Keywords: Operational risk, time series, Gegenbauer processes, Monte Carlo, risk measures.
    JEL: C18
    Date: 2012–12
  30. By: Ginters Buss
    Abstract: The paper studies regularised direct filter approach as a tool for high-dimensional filtering and real-time signal extraction. It is shown that the regularised filter is able to process high-dimensional data sets by controlling for effective degrees of freedom and that it is computationally fast. The paper illustrates the features of the filter by tracking the medium-to-long-run component in GDP growth for the euro area, including replication of Eurocoin-type behavior as well as producing more timely indicators. A further robustness check is performed on a less homogeneous dataset for Latvia. The resulting real-time indicators are found to track economic activity in a timely and robust manner. The regularised direct filter approach can thus be considered a promising tool for both concurrent estimation and forecasting using high-dimensional datasets and a decent alternative to the dynamic factor methodology.
    Keywords: high-dimensional filtering, real-time estimation, coincident indicator, leading indicator, parameter shrinkage, business cycles, dynamic factor model
    JEL: C13 C32 E32 E37
    Date: 2012–12–27
  31. By: Gordon J. Ross
    Abstract: The volatility of financial instruments is rarely constant, and usually varies over time. This creates a phenomenon called volatility clustering, where large price movements on one day are followed by similarly large movements on successive days, creating temporal clusters. The GARCH model, which treats volatility as a drift process, is commonly used to capture this behavior. However research suggests that volatility is often better described by a structural break model, where the volatility undergoes abrupt jumps in addition to drift. Most efforts to integrate these jumps into the GARCH methodology have resulted in models which are either very computationally demanding, or which make problematic assumptions about the distribution of the instruments, often assuming that they are Gaussian. We present a new approach which uses ideas from nonparametric statistics to identify structural break points without making such distributional assumptions, and then models drift separately within each identified regime. Using our method, we investigate the volatility of several major stock indexes, and find that our approach can potentially give an improved fit compared to more commonly used techniques.
    Date: 2012–12
  32. By: Enrique Moral-Benito (Banco de España)
    Abstract: This paper considers panel growth regressions in the presence of model uncertainty and reverse causality concerns. For this purpose, my econometric framework combines Bayesian Model Averaging with a suitable likelihood function for dynamic panel models with weakly exogenous regressors and fixed effects. An application of this econometric methodology to a panel of countries over the 1960-2000 period indicates that there is no robust determinant of economic growth and that the rate of conditional convergence is indistinguishable from zero.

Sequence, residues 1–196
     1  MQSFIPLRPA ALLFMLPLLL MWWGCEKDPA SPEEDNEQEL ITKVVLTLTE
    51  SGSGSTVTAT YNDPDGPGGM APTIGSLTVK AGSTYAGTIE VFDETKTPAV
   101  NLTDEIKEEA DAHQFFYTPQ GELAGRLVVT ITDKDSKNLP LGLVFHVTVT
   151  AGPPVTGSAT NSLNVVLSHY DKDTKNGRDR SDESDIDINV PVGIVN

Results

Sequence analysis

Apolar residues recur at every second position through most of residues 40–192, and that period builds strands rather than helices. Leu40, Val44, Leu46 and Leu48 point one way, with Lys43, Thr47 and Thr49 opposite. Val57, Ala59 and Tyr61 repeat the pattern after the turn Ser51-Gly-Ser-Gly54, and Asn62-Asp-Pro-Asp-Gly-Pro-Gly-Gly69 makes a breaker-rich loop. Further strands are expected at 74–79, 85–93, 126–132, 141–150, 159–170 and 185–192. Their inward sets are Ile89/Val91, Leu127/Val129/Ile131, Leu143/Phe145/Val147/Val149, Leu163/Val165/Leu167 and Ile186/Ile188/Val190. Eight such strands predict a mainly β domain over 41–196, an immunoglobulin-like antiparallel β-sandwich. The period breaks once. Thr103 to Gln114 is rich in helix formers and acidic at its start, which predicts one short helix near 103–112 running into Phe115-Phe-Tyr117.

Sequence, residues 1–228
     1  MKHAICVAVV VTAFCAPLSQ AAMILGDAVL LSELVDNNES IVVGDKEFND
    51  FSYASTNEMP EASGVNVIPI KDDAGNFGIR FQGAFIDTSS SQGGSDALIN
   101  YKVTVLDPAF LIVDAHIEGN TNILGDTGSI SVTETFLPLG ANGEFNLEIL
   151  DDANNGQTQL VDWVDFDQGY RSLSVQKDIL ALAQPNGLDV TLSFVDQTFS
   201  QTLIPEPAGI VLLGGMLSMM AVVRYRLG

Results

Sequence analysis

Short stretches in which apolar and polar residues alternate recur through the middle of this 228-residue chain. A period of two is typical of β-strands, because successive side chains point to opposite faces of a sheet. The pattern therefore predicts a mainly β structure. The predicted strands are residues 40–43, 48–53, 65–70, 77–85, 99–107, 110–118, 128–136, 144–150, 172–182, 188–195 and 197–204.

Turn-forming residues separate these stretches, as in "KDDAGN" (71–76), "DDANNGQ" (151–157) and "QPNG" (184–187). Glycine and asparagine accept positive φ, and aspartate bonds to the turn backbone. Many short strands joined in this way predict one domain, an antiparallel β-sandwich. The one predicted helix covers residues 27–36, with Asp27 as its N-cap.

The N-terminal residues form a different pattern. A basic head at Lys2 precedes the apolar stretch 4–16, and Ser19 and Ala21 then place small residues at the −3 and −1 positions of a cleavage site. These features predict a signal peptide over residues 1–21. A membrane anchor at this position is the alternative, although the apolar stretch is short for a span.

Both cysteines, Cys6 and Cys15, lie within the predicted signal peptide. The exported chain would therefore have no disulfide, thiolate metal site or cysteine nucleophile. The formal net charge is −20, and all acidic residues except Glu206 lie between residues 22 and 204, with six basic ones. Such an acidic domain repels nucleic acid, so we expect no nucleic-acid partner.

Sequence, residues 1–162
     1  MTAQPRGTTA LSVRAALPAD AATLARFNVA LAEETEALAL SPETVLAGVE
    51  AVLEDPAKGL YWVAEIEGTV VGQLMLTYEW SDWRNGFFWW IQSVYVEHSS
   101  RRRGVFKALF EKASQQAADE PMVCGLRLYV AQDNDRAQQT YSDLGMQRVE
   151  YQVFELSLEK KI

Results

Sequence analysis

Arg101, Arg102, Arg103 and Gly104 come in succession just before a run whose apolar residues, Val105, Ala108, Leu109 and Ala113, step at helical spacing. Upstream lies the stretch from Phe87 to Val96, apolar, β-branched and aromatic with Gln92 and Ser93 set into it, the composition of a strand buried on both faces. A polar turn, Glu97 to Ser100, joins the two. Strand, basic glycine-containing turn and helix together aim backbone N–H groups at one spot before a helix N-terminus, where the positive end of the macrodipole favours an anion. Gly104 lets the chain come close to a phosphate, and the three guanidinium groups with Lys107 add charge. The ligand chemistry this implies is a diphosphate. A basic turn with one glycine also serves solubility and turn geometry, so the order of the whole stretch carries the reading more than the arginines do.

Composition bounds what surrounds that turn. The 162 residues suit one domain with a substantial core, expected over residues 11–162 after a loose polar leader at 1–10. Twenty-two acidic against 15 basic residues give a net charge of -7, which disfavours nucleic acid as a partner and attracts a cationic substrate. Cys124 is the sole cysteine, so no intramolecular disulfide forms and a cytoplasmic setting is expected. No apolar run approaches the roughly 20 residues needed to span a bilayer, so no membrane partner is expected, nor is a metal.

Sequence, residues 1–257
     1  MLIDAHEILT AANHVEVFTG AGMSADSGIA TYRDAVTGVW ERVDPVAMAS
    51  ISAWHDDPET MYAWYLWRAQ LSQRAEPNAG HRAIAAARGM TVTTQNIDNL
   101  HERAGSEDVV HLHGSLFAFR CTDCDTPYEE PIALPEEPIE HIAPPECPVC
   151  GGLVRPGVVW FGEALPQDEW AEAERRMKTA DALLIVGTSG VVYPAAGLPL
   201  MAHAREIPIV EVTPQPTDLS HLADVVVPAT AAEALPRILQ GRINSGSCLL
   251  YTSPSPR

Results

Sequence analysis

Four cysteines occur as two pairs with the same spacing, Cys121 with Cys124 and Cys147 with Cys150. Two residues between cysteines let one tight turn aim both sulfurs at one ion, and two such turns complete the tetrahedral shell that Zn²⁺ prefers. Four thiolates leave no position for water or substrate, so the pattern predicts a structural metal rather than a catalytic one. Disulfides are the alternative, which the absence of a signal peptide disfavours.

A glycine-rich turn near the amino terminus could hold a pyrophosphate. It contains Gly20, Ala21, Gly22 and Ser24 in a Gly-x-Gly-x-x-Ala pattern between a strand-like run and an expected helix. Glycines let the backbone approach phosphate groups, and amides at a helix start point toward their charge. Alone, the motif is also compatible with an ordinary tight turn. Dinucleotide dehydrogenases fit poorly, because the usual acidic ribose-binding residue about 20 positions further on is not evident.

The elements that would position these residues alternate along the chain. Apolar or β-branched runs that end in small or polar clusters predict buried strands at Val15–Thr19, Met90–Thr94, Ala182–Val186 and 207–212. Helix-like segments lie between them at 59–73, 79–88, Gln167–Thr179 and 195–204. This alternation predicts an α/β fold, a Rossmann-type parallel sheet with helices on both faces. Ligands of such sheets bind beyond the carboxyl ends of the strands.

Keywords: growth regressions, panel data, model uncertainty, bayesian model averaging
    JEL: O40 C23 C11
    Date: 2012–12
  33. By: Politis, Dimitris
    Abstract: The asymptotic behavior of nonparametric estimators of the probability density function of an i.i.d. sample and of the spectral density function of a stationary time series have been studied in some detail in the last 50-60 years. Nevertheless, an open problem remains to date, namely the behavior of the estimator when the target function happens to vanish at the point of interest. In the paper at hand we fill this gap, and show that asymptotic normality still holds true but with a super-efficient rate of convergence. We also provide two possible applications where these new results can be found useful in practice.
    Keywords: Econometrics and Quantitative Economics, Nonparametric Density
    Date: 2012–12–01
  34. By: Badi H. Baltagi (Center for Policy Research, Maxwell School, Syracuse University, 426 Eggers Hall, Syracuse, NY 13244-1020); Georges Bresson (Université Panthéon-Assas (Paris II))
    Abstract: This paper suggests a robust Hausman and Taylor (1981) estimator, here-after HT, that deals with the possible presence of outliers. This entails two modifications of the classical HT estimator. The first modification uses the Bramati and Croux (2007) robust Within MS estimator instead of the Within estimator in the first stage of the HT estimator. The second modification uses the robust Wagenvoort and Waldmann (2002) two stage generalized MS estimator instead of the 2SLS estimator in the second step of the HT estimator. Monte Carlo simulations show that, in the presence of vertical outliers or bad leverage points, the robust HT estimator yields large gains in MSE as compared to its classical Hausman-Taylor counterpart. We illustrate this robust version of the Hausman-Taylor estimator using an empirical application. Key Words: Bad leverage points, Hausman-Taylor, panel data, two stage generalized MS estimator, vertical outliers. JEL No. C23, C26
    Date: 2012–08
  35. By: Raffaello Morales; T. Di Matteo; Tomaso Aste